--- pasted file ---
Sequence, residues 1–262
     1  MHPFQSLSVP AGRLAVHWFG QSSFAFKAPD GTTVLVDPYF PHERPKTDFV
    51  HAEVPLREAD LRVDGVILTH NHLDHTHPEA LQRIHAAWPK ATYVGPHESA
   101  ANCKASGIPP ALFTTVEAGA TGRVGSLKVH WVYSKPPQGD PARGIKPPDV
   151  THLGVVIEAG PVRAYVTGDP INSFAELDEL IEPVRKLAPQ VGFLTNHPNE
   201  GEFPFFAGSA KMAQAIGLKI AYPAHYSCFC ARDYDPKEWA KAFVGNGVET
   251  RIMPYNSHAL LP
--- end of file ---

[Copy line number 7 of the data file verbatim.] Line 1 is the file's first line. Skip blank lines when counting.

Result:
   251  RIMPYNSHAL LP